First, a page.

This ‘55 Chevy sedan was built for John Richardson, who used to race the car at the San Fernando drag strip. John’s dad bought the car when it was only a year old. It’s been in the family since the mid-50s, despite being stolen once. This was a fun build because it allowed us to do a few things that hadn't been done before. The ‘55 Chevys were quite popular, and one appeared in American Graffiti driven by Harrison Ford. And from there, popularity of the car spread.
One of the things we did was mount the electric brake unit to the frame rail that sit under the driver’s seat. This added space and really cleaned up the engine compartment. The brakes are electric, and the best feature is that the pedal is concealed beneath the floorboards and protrudes upward, so you see it coming out of the floor. It’s something you have to experience to understand. We have since created a kit for this feature so those interested in doing it themselves can achieve the same results in their own garages.
Since we installed an LS7 motor, it was a dry sump. Not only did we not want to make a lot of room in the chassis--we didn’t have the room. To get around the space issue, we made a false transmission tunnel in the car. The tunnel appears to be stock at first glance, but it’s far from it. If you remove the driver seat, the false tunnel makes a perfect path for the oil lines, wiring and air conditioner ducting. We ran the Vintage Air unit in the trunk to make it clean and simple under the dash and ran all of the ducting forward. All of this sits on a new Art Morrison chassis. Art Morrison independent front suspension with coilovers and a triangulated four bar in the rear with a Strange Engineering 9-inch connected to a 3-inch polished aluminum driveline make this beauty as functional as it is iconic.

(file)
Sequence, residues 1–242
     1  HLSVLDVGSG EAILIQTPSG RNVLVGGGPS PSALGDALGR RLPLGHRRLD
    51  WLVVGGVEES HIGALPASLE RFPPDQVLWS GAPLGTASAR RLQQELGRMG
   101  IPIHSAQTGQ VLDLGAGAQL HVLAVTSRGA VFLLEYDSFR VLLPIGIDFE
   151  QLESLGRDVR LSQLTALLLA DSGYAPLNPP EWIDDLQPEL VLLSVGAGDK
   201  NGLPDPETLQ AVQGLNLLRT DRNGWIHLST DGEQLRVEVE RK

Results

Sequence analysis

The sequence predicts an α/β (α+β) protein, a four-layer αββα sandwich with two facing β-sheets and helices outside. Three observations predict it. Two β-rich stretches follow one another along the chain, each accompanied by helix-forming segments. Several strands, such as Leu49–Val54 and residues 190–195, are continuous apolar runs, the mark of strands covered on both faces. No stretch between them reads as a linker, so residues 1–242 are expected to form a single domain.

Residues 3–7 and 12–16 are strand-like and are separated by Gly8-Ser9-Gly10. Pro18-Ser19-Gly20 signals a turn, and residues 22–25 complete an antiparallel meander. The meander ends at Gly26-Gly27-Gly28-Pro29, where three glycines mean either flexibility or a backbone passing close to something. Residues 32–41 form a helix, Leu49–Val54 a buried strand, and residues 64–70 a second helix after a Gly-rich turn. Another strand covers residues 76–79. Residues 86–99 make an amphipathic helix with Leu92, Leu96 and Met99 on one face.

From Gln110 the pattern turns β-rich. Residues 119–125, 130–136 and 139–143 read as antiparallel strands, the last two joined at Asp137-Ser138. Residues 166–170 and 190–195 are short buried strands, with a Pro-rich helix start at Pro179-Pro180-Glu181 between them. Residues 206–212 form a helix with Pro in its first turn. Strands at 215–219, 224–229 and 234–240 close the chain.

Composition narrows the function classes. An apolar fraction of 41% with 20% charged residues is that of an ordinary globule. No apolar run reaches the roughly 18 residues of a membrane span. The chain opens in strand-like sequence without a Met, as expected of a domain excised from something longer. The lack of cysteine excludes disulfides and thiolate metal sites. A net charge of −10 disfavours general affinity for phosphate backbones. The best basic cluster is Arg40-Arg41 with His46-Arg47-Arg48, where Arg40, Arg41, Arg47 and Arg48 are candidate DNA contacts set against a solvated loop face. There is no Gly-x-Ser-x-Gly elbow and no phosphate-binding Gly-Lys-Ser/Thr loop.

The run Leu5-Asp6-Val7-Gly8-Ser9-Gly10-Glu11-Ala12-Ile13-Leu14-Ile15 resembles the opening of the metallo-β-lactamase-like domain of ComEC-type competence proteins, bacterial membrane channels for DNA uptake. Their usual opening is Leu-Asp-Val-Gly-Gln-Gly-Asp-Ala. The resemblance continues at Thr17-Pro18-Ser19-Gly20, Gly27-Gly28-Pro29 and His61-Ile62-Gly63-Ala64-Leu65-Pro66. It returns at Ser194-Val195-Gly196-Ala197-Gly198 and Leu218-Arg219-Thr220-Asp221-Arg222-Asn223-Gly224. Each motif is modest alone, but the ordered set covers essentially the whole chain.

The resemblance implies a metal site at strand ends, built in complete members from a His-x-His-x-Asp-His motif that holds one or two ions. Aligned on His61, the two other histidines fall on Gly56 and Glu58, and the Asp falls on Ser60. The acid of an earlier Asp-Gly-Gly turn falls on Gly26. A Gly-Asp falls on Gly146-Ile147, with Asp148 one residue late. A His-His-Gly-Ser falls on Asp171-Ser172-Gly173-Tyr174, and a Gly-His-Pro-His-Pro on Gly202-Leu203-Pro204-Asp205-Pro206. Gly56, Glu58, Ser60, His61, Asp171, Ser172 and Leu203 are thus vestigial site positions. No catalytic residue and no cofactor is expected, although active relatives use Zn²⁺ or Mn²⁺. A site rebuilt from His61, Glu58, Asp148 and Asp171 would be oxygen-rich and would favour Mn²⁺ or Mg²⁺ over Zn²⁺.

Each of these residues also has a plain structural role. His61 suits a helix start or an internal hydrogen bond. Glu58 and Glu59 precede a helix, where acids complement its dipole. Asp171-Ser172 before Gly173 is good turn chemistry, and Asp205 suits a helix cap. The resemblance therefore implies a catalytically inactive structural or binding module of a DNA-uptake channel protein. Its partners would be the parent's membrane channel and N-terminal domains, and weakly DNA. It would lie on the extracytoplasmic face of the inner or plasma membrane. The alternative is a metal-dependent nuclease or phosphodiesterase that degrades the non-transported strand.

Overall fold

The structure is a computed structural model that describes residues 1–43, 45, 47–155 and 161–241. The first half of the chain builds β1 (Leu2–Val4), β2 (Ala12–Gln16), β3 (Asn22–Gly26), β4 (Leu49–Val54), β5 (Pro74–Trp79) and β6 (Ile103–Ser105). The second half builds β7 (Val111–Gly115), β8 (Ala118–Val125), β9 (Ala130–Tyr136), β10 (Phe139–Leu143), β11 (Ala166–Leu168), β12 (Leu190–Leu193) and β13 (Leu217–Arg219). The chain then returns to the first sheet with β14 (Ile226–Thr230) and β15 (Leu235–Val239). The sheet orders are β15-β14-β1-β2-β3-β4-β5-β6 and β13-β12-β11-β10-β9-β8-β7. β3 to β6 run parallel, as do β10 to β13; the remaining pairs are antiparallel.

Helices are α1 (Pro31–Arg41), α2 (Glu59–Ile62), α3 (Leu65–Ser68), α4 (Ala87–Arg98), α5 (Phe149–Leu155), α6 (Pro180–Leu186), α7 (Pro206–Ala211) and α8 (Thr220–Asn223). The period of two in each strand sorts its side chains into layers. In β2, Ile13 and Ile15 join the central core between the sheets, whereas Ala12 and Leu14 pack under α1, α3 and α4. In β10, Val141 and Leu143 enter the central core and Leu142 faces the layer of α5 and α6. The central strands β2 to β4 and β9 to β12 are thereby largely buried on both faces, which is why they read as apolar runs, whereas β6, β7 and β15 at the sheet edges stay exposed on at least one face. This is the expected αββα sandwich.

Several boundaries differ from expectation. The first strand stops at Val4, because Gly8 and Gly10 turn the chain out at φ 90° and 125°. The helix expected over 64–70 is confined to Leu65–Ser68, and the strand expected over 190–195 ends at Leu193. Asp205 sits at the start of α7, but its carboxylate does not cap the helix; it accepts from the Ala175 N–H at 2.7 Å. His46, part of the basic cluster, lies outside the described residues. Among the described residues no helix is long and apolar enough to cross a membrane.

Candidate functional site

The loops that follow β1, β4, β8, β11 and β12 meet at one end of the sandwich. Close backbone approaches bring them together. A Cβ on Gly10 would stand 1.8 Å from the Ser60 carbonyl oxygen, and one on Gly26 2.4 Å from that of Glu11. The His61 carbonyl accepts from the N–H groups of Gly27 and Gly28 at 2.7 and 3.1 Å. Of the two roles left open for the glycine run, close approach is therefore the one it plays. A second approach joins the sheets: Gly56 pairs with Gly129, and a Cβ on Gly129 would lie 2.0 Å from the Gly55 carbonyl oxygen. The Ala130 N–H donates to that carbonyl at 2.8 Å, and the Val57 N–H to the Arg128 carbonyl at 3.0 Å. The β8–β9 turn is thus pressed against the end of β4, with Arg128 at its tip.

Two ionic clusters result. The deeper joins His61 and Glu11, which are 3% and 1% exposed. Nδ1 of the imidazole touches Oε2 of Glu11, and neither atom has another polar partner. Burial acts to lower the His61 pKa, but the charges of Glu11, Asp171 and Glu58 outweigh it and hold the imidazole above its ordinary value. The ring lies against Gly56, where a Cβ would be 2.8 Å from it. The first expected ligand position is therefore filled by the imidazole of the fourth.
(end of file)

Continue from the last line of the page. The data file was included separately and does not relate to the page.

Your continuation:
The wheels are Torq Thrust II, and the brakes are 13-inch Wildwood. We used a Matson radiator and Flaming River polished stainless-steel steering column. Dynamat sound insulation and a Magnaflow 2.5-inch stainless-steel exhaust add some panache. Dakota digital gauges round out the interior designed by Bill Dunn.